Nikki Haley, who has announced her candidacy for the 2024 Republican presidential nomination, speaking a CPAC on March 3, 2023, in National Harbor, Md. (AP)
Nikki Haley, as usual, is wrong.
Nikki Haley spent four years as a hack for Donald Trump, the most outspoken purveyor of anti-Jewish animus to sit in the Oval Office in recent memory. He was, and is, an anti-Semite, and Nikki Haley, as UN ambassador, happily carried his water. This is the first and easiest reason to never take anything seriously that Haley has to say about fighting anti-Semitism.
Yet her recent statement on the topic, taken as common sense in so many circles, demands refutation. Haley states that “Anti-Zionism is antisemitism” and as president she will “change the federal definition of antisemitism” accordingly. This would mean using the government to penalize institutions receiving federal funds unless they follow her mandate to punish critics of Zionism as inherently anti-Semitic.
Haley says that, “As president, I will change the official federal definition of antisemitism to include denying Israel’s right to exist, and I will pull schools’ tax exemption status if they do not combat antisemitism in all of its forms—in accordance with federal law.” The Orwell is strong in Haley.
Her zeal, however, doesn’t change the fact that these two words—anti-Zionism and anti-Semitism—actually mean quite different things, and no amount of demagoguery will change that. Judaism is a beautiful religion and culture, of which I am proudly a part, that has been around for thousands of years. Zionism is a 125-year-old political philosophy that has solidified into the idea that Jews need their own ethno-state. The nation of Israel has been around for only 75 years. I have members in my family well older than the state of Israel. It is, as Jimmy Carter has bravely argued in his last years, an apartheid state built on the dispossession of Palestinian land. While this factual history is something that Haley thinks we should be legally forbidden to discuss in the United States, it is a subject of constant debate in the Israeli press: How do you justify a Jewish state if it is built, as Carter said, on “an apartheid” basis?
This conflation of anti-Semitism with anti-Zionism isn’t about protecting Jews. It is a way of isolating, shaming, and even ruining individuals who oppose the war agenda of the Israeli state. It is a way also to chill the actions of budding activists who are against racism, against apartheid, and against a logic that has brought us to the brink of a Palestinian genocide.
Similarly, to say that anti-Semitism is anti-Zionism is also a way of communicating the idea that Jews are by definition Zionists. This is dangerous and anti-Semitic, branding Jewish people as supporters of Israel’s war on Gaza no matter our personal politics. Its assertion also pours gasoline on the fires of anti-Semitism by creating a savagely unfair guilt by association.
Noxiously, Haley is also winking at the evangelicals whose votes she desperately needs in order to climb above single digits in the GOP primary polls. Many evangelicals are Christian Zionists who believe in Israel because they see its dominance and expansion as a critical prerequisite for the Rapture—one where all us Jews end up in hell. These are her allies. The most notorious anti-Semites are not in Students for Justice in Palestine, where many Jews have found a political home, but in the Republican base. She must hope we forget that Trumpism, not Palestinians, gave us the Tree of Life massacre in Pittsburgh, or that she went out of her way before the bodies were cold to defend Trump, saying he should not be blamed for the synagogue killings.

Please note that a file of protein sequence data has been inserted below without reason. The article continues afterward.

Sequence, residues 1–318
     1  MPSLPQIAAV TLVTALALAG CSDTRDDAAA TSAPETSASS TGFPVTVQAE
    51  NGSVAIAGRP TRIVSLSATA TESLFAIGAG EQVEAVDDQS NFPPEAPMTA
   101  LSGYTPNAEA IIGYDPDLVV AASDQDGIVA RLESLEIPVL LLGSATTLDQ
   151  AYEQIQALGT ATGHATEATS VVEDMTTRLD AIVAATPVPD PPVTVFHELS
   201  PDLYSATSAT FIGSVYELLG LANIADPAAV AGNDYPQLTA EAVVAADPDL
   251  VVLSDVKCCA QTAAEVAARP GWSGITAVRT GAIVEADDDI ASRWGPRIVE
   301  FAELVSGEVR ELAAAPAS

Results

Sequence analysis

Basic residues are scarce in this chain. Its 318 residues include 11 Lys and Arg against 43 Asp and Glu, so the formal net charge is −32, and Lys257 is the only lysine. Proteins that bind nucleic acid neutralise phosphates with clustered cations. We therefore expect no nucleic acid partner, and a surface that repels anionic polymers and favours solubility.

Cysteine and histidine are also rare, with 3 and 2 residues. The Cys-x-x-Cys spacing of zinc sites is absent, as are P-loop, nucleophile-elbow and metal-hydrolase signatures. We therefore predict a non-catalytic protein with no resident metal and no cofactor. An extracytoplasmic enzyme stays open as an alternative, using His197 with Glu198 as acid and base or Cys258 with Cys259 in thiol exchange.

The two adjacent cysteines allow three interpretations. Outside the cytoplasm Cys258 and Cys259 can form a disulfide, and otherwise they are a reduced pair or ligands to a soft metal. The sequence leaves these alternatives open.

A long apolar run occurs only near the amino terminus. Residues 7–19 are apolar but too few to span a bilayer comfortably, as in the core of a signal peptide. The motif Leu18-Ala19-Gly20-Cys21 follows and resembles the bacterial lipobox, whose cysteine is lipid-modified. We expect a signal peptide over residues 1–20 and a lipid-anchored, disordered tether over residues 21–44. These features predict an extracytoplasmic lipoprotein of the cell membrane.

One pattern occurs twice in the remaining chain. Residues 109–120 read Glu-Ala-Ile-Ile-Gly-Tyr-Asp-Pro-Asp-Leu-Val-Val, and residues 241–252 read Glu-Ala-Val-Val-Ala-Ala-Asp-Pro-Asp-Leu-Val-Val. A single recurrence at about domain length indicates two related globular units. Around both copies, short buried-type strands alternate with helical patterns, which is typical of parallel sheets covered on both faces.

None of this is to say that amid the horrors taking place, and with emotions ratcheted up to the breaking point, we haven’t seen any anti-Semitic signs or slogans in these massive, sprawling global demonstrations against the war on Gaza. Anti-Semitism has no place in a movement for a free Palestine. Demonstration organizers have to remain vigilant in squashing it whenever it rears its head. That is also all the more reason for political clarity.
As Jews, were have an obligation to make clear in our own communities that anti-Zionism is not anti-Semitism—and that the calls for a cease-fire shouldn’t be feared but embraced. We are already doing this at demonstrations around the world, and it marks a profound political shift. An entire generation of young Jews, to paraphrase Peter Beinert a decade ago, are feeling forced to choose between their progressive principles and support for Israel’s total war—and they are choosing their principles. Through organizations like Jewish Voice for Peace and If Not Now, Jewish youth are looking at Israel’s human rights violations and saying clearly, “Not in our name.”
That’s what truly upsets Haley and Netanyau—not the spread of anti-Semitism, but people’s refusal to be pawns in their game.
Please consider making a donation to keep this site going.